Prevention vs. treatment? Part II

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Prevention vs. treatment?  The central role of programmed maintenance in cultural heritage management (Part II)

In this second part of my article, I would like to discuss in more detail the Programmed Maintenance approach, which I already introduced in the previous issue of the article “Prevention vs. treatment – part I”. Now, I will particularly focus on the use of scheduled maintenance as a preventive strategy, especially when this procedure is embedded in a regulatory framework with specific norms that foster its implementation.

The conservation project of the “Old Cemetery” of Hasselt in Belgium which I personally followed as a collaborator of the architecture firm Erik Martens & Partners (Maaseik, Belgium), is a particularly useful case-study to show a likely situation that could follow the lack of regular maintenance of historical buildings. Here, I will briefly introduce the regulatory framework that oversees compliance and safeguards the programmed maintenance of this type of projects in the Flemish region of Belgium.

It should be mentioned that the government of the autonomous Belgian Region of Flanders encourages and financially supports the programmed maintenance of its Cultural Heritage. This goal is achieved through a number of implementing tools that the Flemish Superintendence of Cultural Heritage –Agentschap Onroerend Erfgoed– can offer to the owners of listed buildings via its provincial offices.

In early 2018, at the moment of the project assignment undertake, the in-force regulation requested the submission of a draft management planbeheersplan– covering the whole cemetery site. This document constituted the first step into the bureaucratic process and represented a strictly mandatory condition to gain access to the public funds to financially sustain the restoration works.

In general, the management plan -beheersplaan- is an implementing tool comprising a series of measures aimed at the maintenance, improvement and, eventually, re-establishment of the value and features of a cultural good through a long-term comprehensive view of a listed building (up to 24 years).  This plan is made of several sections, among which the outline of the maintenance plan plays a central role. Once the management plan is approved, no further approval applications are required for starting the works and conducting the preventive activities included in the document. However, it is possible to apply for subsides for the scheduled works at any time, following a predefined procedure.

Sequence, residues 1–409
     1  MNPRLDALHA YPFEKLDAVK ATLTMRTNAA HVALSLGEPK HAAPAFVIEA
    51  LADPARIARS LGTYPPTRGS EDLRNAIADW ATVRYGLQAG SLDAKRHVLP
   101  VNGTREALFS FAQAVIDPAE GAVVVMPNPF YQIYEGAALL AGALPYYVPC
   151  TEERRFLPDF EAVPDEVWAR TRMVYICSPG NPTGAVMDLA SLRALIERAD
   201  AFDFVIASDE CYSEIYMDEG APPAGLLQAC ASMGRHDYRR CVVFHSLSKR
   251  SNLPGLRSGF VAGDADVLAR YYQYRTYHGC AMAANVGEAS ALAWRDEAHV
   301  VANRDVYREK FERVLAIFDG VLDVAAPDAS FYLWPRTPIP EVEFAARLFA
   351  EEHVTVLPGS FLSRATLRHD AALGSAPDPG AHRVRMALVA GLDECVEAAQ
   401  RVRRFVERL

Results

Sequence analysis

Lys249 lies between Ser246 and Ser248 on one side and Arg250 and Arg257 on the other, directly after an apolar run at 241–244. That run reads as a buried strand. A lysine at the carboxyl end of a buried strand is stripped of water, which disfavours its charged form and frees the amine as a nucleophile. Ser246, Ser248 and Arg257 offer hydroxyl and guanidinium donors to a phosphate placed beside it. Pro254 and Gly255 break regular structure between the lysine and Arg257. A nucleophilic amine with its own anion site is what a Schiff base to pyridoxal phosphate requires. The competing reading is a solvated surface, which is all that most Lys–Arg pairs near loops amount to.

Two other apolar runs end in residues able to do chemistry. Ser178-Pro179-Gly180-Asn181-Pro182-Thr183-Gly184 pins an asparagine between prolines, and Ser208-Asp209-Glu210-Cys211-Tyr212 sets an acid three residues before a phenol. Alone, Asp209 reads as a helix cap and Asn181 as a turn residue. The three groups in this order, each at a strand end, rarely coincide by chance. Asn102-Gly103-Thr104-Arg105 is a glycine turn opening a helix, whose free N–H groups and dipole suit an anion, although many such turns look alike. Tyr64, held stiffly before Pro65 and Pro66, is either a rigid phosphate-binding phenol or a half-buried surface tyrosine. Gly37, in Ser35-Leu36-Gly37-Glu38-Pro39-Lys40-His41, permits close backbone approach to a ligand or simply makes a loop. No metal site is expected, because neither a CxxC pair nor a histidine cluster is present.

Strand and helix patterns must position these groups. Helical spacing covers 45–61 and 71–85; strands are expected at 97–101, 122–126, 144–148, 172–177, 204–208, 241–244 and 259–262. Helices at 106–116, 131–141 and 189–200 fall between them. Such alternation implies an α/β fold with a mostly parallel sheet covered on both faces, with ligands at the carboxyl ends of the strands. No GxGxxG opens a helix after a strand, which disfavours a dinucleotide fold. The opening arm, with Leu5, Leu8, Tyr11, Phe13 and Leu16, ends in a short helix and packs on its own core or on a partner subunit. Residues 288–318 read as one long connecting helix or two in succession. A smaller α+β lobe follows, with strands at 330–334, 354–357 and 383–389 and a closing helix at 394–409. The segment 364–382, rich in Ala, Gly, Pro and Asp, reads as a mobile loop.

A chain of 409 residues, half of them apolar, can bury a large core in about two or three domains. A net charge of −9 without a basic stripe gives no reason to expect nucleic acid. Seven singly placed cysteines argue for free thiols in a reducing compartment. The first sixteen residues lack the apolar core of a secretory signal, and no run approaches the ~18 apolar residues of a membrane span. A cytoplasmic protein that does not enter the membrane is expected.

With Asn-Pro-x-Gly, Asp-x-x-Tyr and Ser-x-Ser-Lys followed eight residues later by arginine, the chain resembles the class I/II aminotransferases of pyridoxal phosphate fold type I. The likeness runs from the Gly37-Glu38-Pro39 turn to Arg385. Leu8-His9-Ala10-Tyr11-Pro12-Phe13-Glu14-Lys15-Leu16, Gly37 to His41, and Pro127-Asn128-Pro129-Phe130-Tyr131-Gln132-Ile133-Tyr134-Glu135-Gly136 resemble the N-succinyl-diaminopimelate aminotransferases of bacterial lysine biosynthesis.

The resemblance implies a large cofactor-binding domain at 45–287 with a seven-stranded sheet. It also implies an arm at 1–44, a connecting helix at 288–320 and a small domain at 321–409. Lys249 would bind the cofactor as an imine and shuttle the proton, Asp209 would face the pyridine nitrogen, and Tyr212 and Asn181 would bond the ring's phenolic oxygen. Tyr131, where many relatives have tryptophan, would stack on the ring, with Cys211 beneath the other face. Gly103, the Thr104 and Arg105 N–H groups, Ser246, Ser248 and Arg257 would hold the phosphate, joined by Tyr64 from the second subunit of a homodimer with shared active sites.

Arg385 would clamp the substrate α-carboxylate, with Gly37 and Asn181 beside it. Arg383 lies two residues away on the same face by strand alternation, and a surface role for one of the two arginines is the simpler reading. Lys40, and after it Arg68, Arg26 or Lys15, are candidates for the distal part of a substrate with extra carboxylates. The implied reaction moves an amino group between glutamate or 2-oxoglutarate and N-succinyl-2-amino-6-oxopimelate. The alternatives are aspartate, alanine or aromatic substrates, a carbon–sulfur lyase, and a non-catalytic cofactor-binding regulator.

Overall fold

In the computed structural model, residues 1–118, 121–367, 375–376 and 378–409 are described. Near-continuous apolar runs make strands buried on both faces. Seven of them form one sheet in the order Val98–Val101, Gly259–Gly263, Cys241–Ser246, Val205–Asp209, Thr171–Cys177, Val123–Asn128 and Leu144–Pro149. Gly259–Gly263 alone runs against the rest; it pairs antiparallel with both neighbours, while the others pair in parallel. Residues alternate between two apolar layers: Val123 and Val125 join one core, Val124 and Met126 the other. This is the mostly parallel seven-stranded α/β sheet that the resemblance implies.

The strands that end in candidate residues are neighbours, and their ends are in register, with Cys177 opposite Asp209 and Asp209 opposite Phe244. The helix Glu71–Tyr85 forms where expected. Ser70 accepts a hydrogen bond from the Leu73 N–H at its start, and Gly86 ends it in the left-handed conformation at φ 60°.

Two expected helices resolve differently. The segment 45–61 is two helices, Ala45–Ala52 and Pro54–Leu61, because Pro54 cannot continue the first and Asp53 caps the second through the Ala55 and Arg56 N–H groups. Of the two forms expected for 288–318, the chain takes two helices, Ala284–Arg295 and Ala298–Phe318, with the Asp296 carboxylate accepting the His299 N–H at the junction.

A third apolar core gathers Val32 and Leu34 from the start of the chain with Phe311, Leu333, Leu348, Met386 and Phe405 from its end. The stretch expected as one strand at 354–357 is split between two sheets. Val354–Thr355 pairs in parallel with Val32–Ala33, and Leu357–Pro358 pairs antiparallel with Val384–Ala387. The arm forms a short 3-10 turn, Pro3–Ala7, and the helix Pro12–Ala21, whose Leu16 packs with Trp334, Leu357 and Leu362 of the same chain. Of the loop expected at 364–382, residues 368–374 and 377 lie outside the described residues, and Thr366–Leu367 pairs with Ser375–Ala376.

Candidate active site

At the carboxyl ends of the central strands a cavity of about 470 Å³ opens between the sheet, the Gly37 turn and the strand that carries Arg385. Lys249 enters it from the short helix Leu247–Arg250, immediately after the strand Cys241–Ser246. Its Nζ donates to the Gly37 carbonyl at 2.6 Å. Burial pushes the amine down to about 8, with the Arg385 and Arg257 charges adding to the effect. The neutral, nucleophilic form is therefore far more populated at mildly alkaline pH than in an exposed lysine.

These norms underwent a slight update in early 2019, rendering the management plan only mandatory for a restricted list of cultural heritage categories, such as those under landscape-historical-cultural protection or archaeological sites and historic old towns, among others. Nonetheless, this document can be produced on a free-will basis and represents an added value in the hands of those willing to benefit from its advantages.

Furthermore, a novel preventive tool was recently introduced. It is in fact possible to benefit from additional funds, totaling 10%, if evidence can be provided about compliance with a proper maintenance behavior over the previous six years. These grants can be added to the basic subsidy, thus increasing the total percentage of financial support. In addition, a series of activities that fall within the category of regular maintenance are also eligible for funding, the list being freely available on the Flemish Superintendence website.

Prevention vs. treatment?

On the basis of what we have discussed so far, it can be concluded that the maintenance plan is a relatively straightforward, but extremely effective preventive tool in the management of Cultural Heritage. The actual plan is tailor-made by specialized professionals who are familiar with a building’s issues. By doing so, a list of necessary building monitoring activities is carefully established, along with a precise schedule defining the required timing to carry out specific preventive activities and controls, their appropriate frequency, realization methods and involved professionals.

Although a few basic monitoring activities can be easily performed by the building owner or by low-skilled workers, other actions require highly-skilled personnel. In this way, the practice of regular maintenance enables a true “early diagnosis” of potential issues or pathologies, which can be eventually accompanied by a prompt “healing” intervention to stop the progress of the building’s deterioration.

Beside the expected overall savings on extraordinary restoration works, the rationalization of the activities over time enables one to define an a priori yearly budget to be invested in individual programmed works, eventually gaining a better control of global expenses.

In conclusion, the Belgian experience teaches us that a maintenance plan is not exclusively linked to an ongoing restoration work. On the contrary, the choice to put into action a long-term preventive strategy can be taken at any time, irrespectively of the urgency to perform punctual interventions.

In fact, this type of approach entails the possibility to include in the list of planned activities also a series of interventions to be executed in the long-term, which are usually not considered as ordinary maintenance. Thanks to this long-term view, it is possible to design a neat and organized management of a building, virtually eliminating the risk of sudden damage and consequent need for extraordinary intervention.


After all, don’t we all agree that preventing is better than treating?

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